GRAND RAPIDS – Given the continuing advances in technology, it is not surprising that companies are using new ways to target potential employees.
One of these ways is “geofencing.” Recruiters are now borrowing this technique, which has been honed by digital marketers and social media platforms to get advertising, marketing and brand messages to hyper-focused audiences.
Increasingly, companies are using geofencing to locate and attract specialized talent. A company might buy a database of potential recruits culled from online profiles or educational records, and then set up a virtual perimeter around a particular geographic “zone” where the coveted recruits work or live. When a potential recruit enters a geofenced zone, the individual will receive an ad on a mobile device inviting the person to apply.
Recruiters say this approach provides a more cost-effective and targeted method of recruiting than traditional methods. But it also raises questions about protecting the privacy of the individuals you are targeting. If your organization collects personally identifiable data in connection with a geofencing campaign, then you should also put mechanisms in place to protect the data from the malicious activities of hackers and from improper use or disclosure by authorized users. As with any individually identifiable data that you collect, you should consider the following questions:
Who has access to the information obtained? The more people who have access to the data, the greater the opportunity for someone to lose or misuse the information.
What and how much information is collected? Companies should always think about the types of information they are collecting. The less information you collect, the less you must protect, which will save you money while also reducing your risk of a potential data breach.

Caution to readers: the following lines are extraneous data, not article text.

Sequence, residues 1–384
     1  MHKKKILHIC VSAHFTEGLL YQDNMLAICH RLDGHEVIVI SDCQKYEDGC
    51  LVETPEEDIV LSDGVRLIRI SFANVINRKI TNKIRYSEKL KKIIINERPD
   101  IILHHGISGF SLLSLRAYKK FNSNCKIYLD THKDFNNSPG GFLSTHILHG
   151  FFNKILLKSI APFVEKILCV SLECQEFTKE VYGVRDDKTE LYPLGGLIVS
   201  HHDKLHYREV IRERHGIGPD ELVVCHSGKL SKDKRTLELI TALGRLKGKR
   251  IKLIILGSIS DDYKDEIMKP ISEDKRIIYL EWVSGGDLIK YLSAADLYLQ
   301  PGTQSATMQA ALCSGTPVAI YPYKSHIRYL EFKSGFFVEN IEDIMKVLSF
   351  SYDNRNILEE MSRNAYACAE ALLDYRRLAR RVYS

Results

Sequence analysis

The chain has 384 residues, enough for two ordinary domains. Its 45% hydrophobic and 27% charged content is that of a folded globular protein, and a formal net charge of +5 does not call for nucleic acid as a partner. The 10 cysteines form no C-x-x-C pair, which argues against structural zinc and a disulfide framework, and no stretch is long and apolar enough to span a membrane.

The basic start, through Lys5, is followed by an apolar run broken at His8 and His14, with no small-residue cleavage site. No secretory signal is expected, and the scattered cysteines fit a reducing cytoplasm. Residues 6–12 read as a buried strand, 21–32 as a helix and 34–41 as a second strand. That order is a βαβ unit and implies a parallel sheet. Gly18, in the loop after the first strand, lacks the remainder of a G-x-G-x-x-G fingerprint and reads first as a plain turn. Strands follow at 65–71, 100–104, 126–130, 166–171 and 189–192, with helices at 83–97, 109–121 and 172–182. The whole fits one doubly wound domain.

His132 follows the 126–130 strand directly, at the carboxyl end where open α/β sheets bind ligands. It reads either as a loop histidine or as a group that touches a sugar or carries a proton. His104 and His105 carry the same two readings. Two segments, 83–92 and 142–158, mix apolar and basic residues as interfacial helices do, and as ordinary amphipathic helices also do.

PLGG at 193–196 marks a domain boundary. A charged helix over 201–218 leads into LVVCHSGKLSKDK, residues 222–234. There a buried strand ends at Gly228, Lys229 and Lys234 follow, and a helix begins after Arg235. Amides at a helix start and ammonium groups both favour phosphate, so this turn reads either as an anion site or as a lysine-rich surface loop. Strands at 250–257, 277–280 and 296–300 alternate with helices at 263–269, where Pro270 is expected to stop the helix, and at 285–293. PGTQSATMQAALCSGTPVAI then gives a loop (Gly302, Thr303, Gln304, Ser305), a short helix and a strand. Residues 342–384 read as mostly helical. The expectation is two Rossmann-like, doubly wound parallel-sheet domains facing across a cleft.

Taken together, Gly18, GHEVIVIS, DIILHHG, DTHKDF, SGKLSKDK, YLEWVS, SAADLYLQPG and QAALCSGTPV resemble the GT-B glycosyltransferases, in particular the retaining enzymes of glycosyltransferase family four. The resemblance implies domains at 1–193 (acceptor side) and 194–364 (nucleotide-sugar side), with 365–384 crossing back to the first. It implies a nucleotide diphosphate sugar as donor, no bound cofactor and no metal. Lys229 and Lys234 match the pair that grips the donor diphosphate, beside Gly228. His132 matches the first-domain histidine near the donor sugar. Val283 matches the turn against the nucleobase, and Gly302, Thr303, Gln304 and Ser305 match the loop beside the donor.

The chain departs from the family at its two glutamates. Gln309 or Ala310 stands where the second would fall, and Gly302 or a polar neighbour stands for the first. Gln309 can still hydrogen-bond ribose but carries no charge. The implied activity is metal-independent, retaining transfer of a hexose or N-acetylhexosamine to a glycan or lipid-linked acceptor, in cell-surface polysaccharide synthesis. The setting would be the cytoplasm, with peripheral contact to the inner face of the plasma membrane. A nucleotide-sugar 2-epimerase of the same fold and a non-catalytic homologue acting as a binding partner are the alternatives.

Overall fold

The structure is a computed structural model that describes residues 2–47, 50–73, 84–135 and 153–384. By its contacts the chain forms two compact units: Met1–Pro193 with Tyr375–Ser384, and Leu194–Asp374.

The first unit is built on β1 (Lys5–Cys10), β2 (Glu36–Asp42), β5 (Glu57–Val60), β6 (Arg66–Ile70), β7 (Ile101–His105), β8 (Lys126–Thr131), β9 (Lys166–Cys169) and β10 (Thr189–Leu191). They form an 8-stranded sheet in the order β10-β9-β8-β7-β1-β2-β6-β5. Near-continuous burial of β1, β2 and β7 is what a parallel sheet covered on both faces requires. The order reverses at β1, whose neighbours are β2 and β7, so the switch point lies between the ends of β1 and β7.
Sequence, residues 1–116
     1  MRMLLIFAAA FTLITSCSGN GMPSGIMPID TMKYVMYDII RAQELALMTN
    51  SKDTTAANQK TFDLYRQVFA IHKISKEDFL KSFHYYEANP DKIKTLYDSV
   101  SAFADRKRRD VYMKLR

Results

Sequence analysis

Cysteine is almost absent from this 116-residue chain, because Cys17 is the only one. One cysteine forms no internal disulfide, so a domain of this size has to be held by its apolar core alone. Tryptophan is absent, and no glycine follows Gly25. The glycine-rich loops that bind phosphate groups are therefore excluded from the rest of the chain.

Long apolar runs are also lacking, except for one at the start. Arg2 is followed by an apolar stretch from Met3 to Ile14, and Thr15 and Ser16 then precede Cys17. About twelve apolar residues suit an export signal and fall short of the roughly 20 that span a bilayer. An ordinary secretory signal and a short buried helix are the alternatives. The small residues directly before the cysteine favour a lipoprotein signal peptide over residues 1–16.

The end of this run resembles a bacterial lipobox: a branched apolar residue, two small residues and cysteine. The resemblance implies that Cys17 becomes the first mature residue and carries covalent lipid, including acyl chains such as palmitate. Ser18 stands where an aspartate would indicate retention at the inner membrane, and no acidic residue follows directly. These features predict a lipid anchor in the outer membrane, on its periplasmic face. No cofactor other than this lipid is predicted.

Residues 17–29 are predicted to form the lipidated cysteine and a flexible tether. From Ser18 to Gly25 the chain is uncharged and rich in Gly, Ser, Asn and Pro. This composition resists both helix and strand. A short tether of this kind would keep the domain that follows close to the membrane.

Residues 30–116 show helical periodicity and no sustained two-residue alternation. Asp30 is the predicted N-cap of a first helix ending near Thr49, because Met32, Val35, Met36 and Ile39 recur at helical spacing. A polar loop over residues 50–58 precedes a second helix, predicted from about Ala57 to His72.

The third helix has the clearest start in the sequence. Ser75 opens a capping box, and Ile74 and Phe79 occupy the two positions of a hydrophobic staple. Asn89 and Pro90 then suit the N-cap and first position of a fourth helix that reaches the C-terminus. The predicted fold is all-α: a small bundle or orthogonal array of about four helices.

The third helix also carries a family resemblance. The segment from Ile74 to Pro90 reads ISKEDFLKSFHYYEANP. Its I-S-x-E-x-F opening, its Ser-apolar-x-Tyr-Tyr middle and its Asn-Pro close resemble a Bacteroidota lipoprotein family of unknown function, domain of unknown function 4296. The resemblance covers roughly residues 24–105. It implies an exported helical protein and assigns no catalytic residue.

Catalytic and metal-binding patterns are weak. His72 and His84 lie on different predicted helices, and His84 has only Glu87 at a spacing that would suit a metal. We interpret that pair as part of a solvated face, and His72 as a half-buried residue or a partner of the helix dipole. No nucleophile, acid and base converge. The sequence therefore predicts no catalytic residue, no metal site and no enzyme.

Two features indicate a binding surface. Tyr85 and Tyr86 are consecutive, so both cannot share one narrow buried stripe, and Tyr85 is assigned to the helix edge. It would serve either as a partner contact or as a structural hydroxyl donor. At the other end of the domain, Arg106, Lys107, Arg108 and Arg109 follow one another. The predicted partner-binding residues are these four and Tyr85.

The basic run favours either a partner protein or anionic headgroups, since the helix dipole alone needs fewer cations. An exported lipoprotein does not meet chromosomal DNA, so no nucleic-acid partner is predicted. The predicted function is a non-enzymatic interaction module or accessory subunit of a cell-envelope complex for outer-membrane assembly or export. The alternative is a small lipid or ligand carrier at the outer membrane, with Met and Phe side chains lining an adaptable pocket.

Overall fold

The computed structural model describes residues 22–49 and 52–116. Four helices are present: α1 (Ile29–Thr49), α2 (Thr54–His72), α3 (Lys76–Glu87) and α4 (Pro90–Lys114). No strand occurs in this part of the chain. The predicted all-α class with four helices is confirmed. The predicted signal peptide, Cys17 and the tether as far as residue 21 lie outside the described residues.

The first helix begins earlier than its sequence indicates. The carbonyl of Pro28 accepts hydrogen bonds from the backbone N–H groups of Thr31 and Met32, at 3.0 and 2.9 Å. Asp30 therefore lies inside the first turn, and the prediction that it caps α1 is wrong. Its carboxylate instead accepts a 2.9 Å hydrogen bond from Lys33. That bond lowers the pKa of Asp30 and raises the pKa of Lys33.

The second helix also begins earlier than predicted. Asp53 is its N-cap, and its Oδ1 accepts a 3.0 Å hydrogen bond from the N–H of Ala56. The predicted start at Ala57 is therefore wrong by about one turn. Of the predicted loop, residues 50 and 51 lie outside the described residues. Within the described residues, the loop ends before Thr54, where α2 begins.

Over what time frame has the information been collected? How long will you retain it? Again, it costs money to protect information. You will reduce risk and expense if you set time limits on your retention of personally identifiable information.
Where is the information being stored? When using a third-party vendor to collect and/or store information, you are only as secure as your vendor. Do your due diligence before selecting a vendor, then follow it up with a solid contract that spells out expectations.
Is the information adequately protected? Different types of information will be subject to different standards, which may be set by industry, state, federal or even international laws.
In the event of a security breach, your company could find itself subject to investigation, meaning these questions could become front and center. If you have not addressed these issues adequately, you could face a public backlash.
In a world that is increasingly interconnected, geofencing provides great opportunities – yet does come with potential risks that good companies will want to think through.
About the authors: Norbert F. Kugele and Nathan W. Steed are partners at Warner Norcross & Judd LLP, where they help individuals and companies safeguard their data and protect their privacy. You can reach them at [email protected] or [email protected] or by calling 616.752.2000.